Southwest Lower Peninsula Fishing Report
    The inland lakes have ice and now slush because of all the snow. The bite was good in the evening just before dark for bluegill and crappie using wax worms and tear drops. The pike action was good for those using tip-ups or spearing.
    St. Joseph River: Froze up during the cold spell but warmer temperatures this week should help to open it up. Anglers have caught steelhead during the warm ups.
    Kalamazoo River: Froze up but should open back up as well. Look for steelhead and walleye up near the Allegan Dam.
    Kalamazoo County Biat Shops: Click Here!
    Grand River at Grand Rapids: Look for increased steelhead action with the warmer weather. Steelhead and walleye anglers can usually be found below the 6th Street Dam. Look for steelhead in the Rogue River as well.
    Lake Lansing: The bite was slow but some bluegills and crappie were caught on wax worms. The better fishing was just off the bottom in about 10 feet in the early morning.
    Jackson County: Those fishing the inland lakes reported fair to good panfish action.
    Muskrat Lake: In Clinton County was producing some bluegills in 10 to 12 feet.
    Gratiot County: Had reports that the ice in this area of the state was not safe.
    Crystal Lake: In Montcalm County was producing bluegills and crappie. Those spearing have taken some pike.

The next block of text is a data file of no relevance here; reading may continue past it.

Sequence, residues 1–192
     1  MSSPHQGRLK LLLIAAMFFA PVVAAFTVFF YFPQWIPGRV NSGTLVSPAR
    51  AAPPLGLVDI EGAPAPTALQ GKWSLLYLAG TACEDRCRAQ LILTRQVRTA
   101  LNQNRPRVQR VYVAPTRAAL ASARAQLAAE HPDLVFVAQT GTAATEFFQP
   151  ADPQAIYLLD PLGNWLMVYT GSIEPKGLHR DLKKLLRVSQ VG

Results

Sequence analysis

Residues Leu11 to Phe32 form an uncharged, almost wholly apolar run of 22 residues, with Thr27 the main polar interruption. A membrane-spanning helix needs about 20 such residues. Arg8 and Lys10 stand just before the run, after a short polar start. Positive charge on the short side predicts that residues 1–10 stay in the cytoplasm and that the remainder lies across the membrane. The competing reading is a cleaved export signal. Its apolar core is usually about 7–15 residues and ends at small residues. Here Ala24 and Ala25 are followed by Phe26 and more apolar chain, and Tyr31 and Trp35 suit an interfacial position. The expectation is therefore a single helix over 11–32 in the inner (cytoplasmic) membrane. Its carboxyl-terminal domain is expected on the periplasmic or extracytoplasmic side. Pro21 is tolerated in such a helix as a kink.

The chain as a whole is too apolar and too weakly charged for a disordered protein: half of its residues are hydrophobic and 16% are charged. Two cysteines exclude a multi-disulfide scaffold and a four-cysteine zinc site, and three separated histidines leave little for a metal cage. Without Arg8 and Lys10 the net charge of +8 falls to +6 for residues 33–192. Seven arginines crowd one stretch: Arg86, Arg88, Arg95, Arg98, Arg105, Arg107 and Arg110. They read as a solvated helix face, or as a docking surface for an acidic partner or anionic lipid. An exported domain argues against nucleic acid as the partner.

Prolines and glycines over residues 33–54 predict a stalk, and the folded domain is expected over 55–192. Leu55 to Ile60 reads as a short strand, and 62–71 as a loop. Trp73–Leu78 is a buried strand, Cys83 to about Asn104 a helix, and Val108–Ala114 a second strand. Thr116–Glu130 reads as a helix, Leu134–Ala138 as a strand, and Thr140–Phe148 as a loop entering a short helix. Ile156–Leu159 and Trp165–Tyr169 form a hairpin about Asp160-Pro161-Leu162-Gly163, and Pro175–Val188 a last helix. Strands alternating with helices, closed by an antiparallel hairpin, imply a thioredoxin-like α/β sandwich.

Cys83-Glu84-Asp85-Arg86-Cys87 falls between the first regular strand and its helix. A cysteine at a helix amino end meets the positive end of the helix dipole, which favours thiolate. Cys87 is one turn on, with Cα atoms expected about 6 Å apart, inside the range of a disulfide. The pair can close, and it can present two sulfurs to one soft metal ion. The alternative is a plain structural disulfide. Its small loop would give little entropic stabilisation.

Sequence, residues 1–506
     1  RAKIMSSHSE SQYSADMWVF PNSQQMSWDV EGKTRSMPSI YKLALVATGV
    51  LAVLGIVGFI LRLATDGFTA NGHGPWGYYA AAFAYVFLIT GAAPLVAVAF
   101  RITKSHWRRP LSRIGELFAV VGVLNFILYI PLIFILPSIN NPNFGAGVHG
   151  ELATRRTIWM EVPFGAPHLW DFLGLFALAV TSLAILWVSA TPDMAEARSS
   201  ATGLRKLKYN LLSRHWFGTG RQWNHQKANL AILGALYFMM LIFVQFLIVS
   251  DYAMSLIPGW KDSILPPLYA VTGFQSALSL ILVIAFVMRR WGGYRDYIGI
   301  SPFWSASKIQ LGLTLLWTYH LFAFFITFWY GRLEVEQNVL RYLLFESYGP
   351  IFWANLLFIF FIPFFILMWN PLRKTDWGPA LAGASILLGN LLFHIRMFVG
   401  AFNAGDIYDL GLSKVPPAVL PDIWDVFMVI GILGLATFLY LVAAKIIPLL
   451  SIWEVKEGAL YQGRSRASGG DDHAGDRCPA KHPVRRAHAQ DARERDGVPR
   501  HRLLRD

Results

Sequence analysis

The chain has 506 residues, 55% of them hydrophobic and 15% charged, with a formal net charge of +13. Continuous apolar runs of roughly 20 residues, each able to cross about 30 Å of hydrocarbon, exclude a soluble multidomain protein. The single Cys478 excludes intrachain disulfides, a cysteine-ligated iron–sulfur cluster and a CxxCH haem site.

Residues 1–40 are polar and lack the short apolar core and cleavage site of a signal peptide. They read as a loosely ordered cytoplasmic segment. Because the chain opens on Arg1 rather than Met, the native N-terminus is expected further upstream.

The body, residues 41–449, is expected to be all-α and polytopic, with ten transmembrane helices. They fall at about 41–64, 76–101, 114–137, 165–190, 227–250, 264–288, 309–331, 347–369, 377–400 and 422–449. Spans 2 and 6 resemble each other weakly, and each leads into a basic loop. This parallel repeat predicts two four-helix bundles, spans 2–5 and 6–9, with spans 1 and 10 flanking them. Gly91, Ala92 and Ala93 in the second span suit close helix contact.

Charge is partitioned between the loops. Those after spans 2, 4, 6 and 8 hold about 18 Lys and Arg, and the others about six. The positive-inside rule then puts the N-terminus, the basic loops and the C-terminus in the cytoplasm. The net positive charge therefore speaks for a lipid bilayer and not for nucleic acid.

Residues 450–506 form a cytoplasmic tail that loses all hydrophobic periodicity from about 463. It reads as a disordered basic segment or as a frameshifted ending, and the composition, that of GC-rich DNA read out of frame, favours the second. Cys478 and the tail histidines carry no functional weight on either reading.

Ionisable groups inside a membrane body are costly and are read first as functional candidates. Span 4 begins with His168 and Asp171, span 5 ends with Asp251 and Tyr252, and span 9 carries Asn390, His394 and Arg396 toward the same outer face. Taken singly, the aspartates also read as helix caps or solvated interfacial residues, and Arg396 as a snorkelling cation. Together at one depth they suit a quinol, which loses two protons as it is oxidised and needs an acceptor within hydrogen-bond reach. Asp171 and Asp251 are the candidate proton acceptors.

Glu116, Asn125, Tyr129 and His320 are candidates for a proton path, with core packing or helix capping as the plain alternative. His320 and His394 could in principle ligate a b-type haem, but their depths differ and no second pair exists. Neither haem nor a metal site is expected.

Muskegon Lake: Perch anglers are getting fish near the black buoy and to the west of it in 30 to 45 feet. Fish were also caught out from the sand docks in 42 to 44 feet. While many were heading out further, those fishing about 50 yards offshore were taking a good number of fish. They are sorting out the small ones but those putting in the time have taken some limit catches of good size fish. Pike anglers were still taking a fair to good number of fish off Heritage Landing.
    Muskegon River: Water levels were up some with the snow melt. Those seeking steelhead have caught some nice fish on flies and streamers.

    Northeast Lower Peninsula Fishing Report
    Black Lake: Fishing slowed but some walleye were caught on minnows in 18 feet in the morning or at dusk. Many of the walleye were around 21 inches but some were undersize. Some 10 to 12 inch perch were caught on wigglers, spikes and minnows in 10 feet. A few 24 to 36 inch pike were speared or caught on tip-ups with large minnows. There were no reports of any musky caught.
    Burt Lake: The better fishing for walleye and perch was in the morning or evening.
    Mullett Lake: Fishing activity slowed but anglers were still getting some perch and a few walleye. A couple large pike were speared.
    Higgins Lake: Ice fishing continues but anglers should still use caution near the inlets. The lake had 5 to 7 inches of snow on top. Pike spearing continues with some nice fish taken in 15 to 20 feet. The lake trout bite slowed. Perch anglers are getting some but were also doing a lot of sorting to get some keepers. Most of the action has been around the Main Island, Sunken Island and on the south end. Smelt anglers were still getting fish mainly at night in 40 to 60 feet.

    Nearby Bait & Tackle Shops: 
    Higgins Lake Sport & Tackle: (989) 821-9517 
    Sports Barn: (989) 821-9511